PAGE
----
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The Service Provider Infrastructure (SPI) is an application and UI technology independent layer for business data exposure which is part of the SAP Business Suite Foundation (SAP_BS_FND). Its main goal is to support the application developer in building timeless software and to decouple the UI from the backend completely.

SPI handles huge amounts of data with a great performance and no additional buffering while being minimal invasive to the underlying implementation (arbitrary data repositories can easily be connected). Also dynamic backends can be accessed via the SPI, which for example do not have a static DDIC representation of their data structures or which even change their data type definitions at runtime. Every application that is using the SPI correctly can – out of the box – either run the UI and the backend on the same system or run the UI on a system in the DMZ and the backend on a second system behind the firewall. Furthermore the SPI provides a central enhancement spot which can be used by customers or partners to enhance the application backend modification free.


Structure of an SPI Application

An SPI application is identified by a so called Application Building Block ID (ABBID). This Application Building Block (ABB) can represent a complex application with many objects, a single object or even only a small part of an object.

Every SPI application exposes its data via a hierarchical node model. There may be several hierarchies within one application i.e. there can be multiple root nodes. A node normally represents an object or a part of an object. Each node has an ID and data structure and typically allows to read and modify its data.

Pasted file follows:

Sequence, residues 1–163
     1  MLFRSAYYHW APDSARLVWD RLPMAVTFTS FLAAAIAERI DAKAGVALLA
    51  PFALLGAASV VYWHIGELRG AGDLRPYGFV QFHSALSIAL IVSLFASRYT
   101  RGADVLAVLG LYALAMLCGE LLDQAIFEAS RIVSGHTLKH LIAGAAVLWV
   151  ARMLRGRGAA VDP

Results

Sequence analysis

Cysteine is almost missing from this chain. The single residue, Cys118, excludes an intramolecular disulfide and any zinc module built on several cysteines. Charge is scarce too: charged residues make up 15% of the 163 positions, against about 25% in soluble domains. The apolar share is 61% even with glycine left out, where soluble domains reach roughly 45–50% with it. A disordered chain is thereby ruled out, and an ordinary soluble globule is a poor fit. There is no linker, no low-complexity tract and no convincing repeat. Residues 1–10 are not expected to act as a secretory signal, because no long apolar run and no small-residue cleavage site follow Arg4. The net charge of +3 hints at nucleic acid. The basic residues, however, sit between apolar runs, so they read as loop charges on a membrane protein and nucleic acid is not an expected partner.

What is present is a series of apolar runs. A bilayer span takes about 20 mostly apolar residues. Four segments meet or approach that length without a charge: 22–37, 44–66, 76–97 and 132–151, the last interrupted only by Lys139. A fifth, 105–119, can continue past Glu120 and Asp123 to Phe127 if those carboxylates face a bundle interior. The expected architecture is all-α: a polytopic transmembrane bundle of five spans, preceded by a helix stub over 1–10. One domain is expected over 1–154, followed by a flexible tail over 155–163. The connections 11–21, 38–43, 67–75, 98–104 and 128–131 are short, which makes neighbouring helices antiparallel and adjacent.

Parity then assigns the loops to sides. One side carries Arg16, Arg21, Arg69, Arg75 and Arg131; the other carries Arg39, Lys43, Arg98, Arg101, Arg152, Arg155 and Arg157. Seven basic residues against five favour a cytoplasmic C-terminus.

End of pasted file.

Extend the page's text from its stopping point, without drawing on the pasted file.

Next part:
The definition of the nodes and their capabilities is done via the Metadata Provider whereas the Service Provider is the entry point into the application backend and handles the data flow at runtime. Technically those two entities are ABAP classes that implement certain SPI interfaces.


Main Entities of the Application Building Block

Consumption of an SPI Application

SPI offers an FPM integration which supports GUIBBs as well as application own ABAP Web Dynpro components i.e. freestyle UIBBs. SAP Netweaver Gateway has implemented a generator that allows creating OData services to consume SPI applications. Of course SPI can also be used as backbone for many other technologies in the ABAP environment like POWLs and Adobe Forms.

One central class of the SPI allows the consumption of all SPI application – the so called Connector. It implements the same access interface as the Service Providers, so it feels like calling the SP directly, when using the Connector. Internally the Connector e.g. takes care of the system switch, when running in a DMZ scenario.

Almost all SP methods return a direct result via export parameters for example a table with requested node data. There is however also an indirect channel of communication between the SP and its consumer via the so called Collector. This object stores additional information like messages or field control information and thereby reduces the complexity of the SP's interface.

The complete node model of the application is described by the Metadata Provider. This includes for example the data type of nodes as well as available actions and queries that can be executed on those nodes. Beyond the definitions that are required from a technical perspective by application consumers, also attributes are contained that have a declarative/explaining character; i.e. to allow a consumer to understand what is possible with this application.

1 Comment

  1. The concept of SPI sounds very similar as SADL. Is SADL the successor of SPI?